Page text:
W=wa+wb
as
 
 
 2
 3
 4
 5
 6
 Grade
 50
 70
 83
 95
 100
 
 (You
will
notice
that
your
grade
has
diminishing
returns
as
the
amount
of
work
goes
 up.)
Each
player
i’s
payoff
is

Grade
–
10wi
.
[20
points
total]
 
 a) Suppose
you
agree
with
your
buddy
to
work
independently.
You
will
just
 staple
your
two
parts
together
on
the
day
it
is
due,
without
observing
 how
hard
your
partner
worked.
Express
the
game’s
strategic
form
as
a
 bimatrix.

[4
points]
 
 
 1
 2
 3
 1
 40,40
 60,50
 73,53
 2
 50,60
 63,63
 75,65
 3
 53,73
 65,75
 70,70
 M N O P m 90, 90 120, 80 80, 120 70, 120 n 80, 120 90, 90 120, 80 70, 140 o 120, 80 80, 120 90, 90 40, 70 p 120, 70 140, 70 70, 40 70, 70 
 
 b) What
(pure)
Nash
equilibria
can
you
find?
[4
points]
 
 1
 2
 3
 
 
 
 
 
 
 
 
 
 
 1
 40,40
 50,60
 53,73
 2
 60,50
 63,63
 65,75
 3
 73,53
 75,65
 70,70
 The
pure
NE
are
(3,2)
and
(2,3).
 c) What
is
the
equivalent
extensive
form
of
the
game
you
analyzed
in
parts
a
 and
b?
[4
points]
 A
 1
 ! 2 
 B
 2 3
 1
 3
 B
 2 3
 1
 d) Now
 ! 2 B
 3
 1
 ! 
 
 
 40,40

60,50



73,53

50,60


63,63


75,65


53,73


65,75



70,70
 ! 
 
 
 
 
 
 
 
 
 
 suppose
you
decide
that
you,
player
A,
will
finish
your
part
and
then
pass
 it
to
B.
B
will
see
how
hard
you
worked,
and
then
decide
how
hard
to
 work
on
their
part.
What
is
the
extensive
form
of
this
game?
[4
points]
 A
 1
 ! 2 
 B
 2 3
 1
 3
 B
 2 3
 1
 ! 2 B
 3
 1
 ! 
 
 
 40,40

60,50



73,53

50,60


63,63


75,65


53,73


65,75



70,70
 e) Can
you
find
a
backwards
induction
solution
to
the
game
of
part
d?

Based
 on
this
analysis
would
you
want
to
be
the
player
who
works
on
their
part
 first
or
last?
[4
points]
 
 Backwards
induction
allows
us
to
eliminate
branches
to
get:
 A
 1
 ! ! 
 
 
 
 
 
 
 
 2 
 B
 3
 3
 B
 2 B
 3
 
 



























73,53




























75,65
















65,75




 ! 
 
 
 
 
 
 
 
 
 
 
 
 
 
 The
next
level
of
BI
gets
us
to:
 A
 ! 2 
 B
 ! 3 75,65
















 
 Thus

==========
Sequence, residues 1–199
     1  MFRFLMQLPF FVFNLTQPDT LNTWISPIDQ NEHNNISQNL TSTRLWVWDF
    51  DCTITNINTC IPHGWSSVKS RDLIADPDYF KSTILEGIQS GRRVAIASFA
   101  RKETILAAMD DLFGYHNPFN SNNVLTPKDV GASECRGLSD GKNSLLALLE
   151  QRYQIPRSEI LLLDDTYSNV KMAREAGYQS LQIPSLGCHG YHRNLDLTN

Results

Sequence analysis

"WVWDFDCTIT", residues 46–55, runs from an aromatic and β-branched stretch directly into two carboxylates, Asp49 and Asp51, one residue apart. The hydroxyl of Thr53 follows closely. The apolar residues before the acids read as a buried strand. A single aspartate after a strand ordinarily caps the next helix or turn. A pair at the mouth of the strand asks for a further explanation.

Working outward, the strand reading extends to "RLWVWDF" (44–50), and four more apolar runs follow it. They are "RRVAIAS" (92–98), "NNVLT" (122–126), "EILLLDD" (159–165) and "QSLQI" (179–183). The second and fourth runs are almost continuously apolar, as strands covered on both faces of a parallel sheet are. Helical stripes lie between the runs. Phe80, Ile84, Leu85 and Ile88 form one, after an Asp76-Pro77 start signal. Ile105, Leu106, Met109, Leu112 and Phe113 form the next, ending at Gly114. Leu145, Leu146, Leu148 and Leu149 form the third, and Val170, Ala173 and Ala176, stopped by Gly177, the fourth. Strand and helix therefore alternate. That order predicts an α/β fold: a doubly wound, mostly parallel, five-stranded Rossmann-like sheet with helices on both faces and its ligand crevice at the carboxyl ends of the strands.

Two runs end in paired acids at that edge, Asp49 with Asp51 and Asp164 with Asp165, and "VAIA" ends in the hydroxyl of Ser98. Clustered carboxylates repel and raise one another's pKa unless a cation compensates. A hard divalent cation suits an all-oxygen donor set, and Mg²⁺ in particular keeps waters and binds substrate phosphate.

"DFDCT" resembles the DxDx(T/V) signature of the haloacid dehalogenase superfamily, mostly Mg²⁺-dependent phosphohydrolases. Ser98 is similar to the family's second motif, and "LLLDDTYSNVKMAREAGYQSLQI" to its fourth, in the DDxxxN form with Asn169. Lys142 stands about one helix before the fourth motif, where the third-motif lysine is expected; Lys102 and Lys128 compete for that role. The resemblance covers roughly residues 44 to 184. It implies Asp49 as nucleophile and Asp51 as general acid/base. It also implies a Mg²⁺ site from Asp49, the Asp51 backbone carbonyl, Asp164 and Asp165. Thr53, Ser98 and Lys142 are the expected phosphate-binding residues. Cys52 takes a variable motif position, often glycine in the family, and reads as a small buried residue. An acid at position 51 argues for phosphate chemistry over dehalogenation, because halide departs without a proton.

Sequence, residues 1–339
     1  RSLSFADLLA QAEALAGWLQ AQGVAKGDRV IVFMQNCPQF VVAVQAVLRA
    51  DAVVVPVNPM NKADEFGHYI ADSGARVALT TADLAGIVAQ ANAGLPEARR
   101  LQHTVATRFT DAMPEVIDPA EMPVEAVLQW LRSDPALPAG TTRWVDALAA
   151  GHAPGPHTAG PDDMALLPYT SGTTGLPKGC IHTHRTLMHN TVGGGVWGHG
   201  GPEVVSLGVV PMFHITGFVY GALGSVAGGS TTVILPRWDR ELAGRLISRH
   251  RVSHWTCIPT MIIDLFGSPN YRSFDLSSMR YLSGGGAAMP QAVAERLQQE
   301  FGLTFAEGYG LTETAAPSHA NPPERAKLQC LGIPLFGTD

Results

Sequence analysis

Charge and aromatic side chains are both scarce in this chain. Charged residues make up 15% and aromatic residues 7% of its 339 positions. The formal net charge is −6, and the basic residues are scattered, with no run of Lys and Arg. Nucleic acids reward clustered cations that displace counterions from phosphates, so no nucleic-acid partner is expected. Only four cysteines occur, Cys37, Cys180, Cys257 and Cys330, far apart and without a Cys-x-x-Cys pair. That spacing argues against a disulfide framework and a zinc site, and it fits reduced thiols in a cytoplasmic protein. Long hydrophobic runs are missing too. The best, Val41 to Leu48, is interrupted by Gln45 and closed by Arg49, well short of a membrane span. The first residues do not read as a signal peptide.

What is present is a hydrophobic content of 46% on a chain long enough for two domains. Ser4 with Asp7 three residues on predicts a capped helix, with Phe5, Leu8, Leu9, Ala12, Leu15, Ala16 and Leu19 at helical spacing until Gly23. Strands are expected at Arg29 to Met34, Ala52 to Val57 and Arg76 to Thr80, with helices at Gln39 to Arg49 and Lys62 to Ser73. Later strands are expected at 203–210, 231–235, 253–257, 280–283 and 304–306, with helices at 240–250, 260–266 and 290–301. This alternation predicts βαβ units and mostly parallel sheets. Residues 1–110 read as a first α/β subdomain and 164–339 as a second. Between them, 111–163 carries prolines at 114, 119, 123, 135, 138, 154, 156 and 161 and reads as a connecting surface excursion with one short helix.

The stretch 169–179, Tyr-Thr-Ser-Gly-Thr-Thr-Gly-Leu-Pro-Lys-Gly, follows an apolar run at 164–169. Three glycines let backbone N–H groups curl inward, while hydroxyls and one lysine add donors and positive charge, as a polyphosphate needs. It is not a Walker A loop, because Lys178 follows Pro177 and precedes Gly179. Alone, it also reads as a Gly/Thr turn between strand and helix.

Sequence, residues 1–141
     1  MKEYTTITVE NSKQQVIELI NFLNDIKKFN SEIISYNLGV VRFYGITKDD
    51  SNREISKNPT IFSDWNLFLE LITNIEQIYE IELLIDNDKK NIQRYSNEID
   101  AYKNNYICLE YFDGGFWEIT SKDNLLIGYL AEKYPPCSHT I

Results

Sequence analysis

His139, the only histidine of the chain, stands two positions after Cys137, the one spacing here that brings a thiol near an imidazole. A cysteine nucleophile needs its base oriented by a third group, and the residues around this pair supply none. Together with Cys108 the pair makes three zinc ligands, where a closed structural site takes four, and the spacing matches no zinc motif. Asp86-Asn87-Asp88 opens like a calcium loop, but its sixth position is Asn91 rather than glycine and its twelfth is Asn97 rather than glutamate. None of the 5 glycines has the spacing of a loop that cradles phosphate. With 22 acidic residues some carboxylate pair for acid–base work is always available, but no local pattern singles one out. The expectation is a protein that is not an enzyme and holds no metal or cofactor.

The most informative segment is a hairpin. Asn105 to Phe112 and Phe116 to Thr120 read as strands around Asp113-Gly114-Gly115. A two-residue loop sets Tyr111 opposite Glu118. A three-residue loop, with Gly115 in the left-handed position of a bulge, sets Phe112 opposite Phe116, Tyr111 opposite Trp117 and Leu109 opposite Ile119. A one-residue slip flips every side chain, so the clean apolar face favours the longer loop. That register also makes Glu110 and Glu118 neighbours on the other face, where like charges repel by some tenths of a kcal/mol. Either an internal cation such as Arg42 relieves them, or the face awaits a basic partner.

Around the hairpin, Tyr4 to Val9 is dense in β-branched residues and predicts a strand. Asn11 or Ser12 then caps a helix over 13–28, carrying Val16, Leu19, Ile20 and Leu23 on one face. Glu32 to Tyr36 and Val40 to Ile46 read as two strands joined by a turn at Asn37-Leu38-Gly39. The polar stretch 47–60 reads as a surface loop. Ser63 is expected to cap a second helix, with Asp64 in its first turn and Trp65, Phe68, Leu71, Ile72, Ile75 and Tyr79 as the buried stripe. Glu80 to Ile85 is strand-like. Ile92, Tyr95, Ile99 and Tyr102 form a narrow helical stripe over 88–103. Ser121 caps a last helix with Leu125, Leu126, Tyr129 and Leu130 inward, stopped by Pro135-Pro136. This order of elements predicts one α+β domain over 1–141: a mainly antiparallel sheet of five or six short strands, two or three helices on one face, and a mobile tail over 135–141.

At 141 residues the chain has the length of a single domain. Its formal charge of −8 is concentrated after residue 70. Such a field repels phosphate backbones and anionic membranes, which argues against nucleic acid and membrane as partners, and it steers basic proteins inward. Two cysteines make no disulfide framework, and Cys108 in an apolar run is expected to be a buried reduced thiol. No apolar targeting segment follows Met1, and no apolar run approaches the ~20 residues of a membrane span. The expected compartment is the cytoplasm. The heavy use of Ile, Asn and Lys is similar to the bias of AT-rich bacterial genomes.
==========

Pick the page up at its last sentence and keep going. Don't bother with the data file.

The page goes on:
the
solution
is
(2,3).
The
first
mover
ends
up
with
the
higher
payoff,
 so
it
is
better
to
be
him.
 
 4)
It
is
2020,
and
industry
consolidation
has
led
to
having
only
3
oil
companies
in
 the
world
–
(B)otswana
Petroleum,
(E)xxelon,
and
(S)helldon.
The
price
per
barrel
 of
oil
is
determined
by
the
total
quantity
Q
produced
according
to
the
demand
 function
 
 
 
 
 p
=
(200
–
Q)
 where
Q
is
in
millions
of
barrels
produced
per
day,
and
p
is
in
dollars.
 
 Suppose
that
it
costs
each
company
$50
for
each
barrel
they
produce.
(We
are
 ignoring
other
factors
like
fixed
costs,
and
differences
in
oil
reserves
the
companies
 have
access
to.)
Thus
the
profit
of
each
company
i
=
b,
e,
or
s
is
 
 
 
 
 Vi
=
(200
­
Q
­
50)qi
 where
Q=qb
+
qe
+
qs
,
and
the
units
of
Vi
are
millions
of
dollars
per
day.
[20
points
 total]
 
 a) What
is
the
best
response
function
of
company
i?
Express
your
answer
in
 terms
of
q­i

,
the
sum
of
the
quantities
the
companies
other
than
i
produce.
 [8pts]
 i’s
payoff
with
respect
to
qi
is
“hill
shaped,”
so
to
find
the
best
response,
 we
take
the
derivative
with
respect
to
qi
and
find
when
it
is
0.
 Vi = (150 − qi − q− i )qi = −qi2 + (150 − q− i )qi dVi Vi
=
(200
­
Q
­
50)qi
 = −2qi + 150 − q− i dqi dVi * 150 − q− i (qi ) = 0 ⇒ q* = i dqi 2 
 b) Find
a
symmetric
NE.
[4pts]
 In
any
symmetric
equilibrium,
all
companies
produce
the
same
amount
 € so
q­I
must
equal
2
times
qi.
Thus
 150 − 2q* * i qi = 2 4 q* = 150 
 i 
 c) What
is
the
profit
of
each
company
in
the
equilibrium
you
find
in
part
b?
 (Leave
your
answer
in
millions
of
dollars
per
day
as
that’s
easiest.)
[4pts]
 €
 Just
plug
the
quantity
found
in
part
b
into
the
payoff
function.
 
 
 (150­37.5­37.5­37.5)37.5
=

1406.25
millions
of
dollars
per
day
 d) The
CEOs
of
the
three
companies
propose
to
merge
into
1
mega‐company
 because
they
claim
it
will
be
better
for
the
environment.
What
is
the
most
 q* = 37.5 i 
 
 
 
 
 
 
 
 
 
 profitable
output
level
of
the
mega‐company?
What
will
be
its
profits
at
this
 production
level?
[4pts]
 
 Now
the
payoff
function
for
the
mega
company
looks
like
 
 
 V=(150­Q)Q
 
 To
optimize,
we
find
the
derivative
w.r.t.
Q
and
set
it
to
0.
 
 
 dV/dQ
=
150
–
2Q

 
 
 Q*
=
75
 
 Plug
this
into
the
payoff
function
to
get
the
profit
 
 
 (150­75)*75
=
5625
millions
of
dollars
per
day
 ...
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This note was uploaded on 03/03/2011 for the course ECON 414 taught by Professor Staff during the Spring '08 term at Maryland.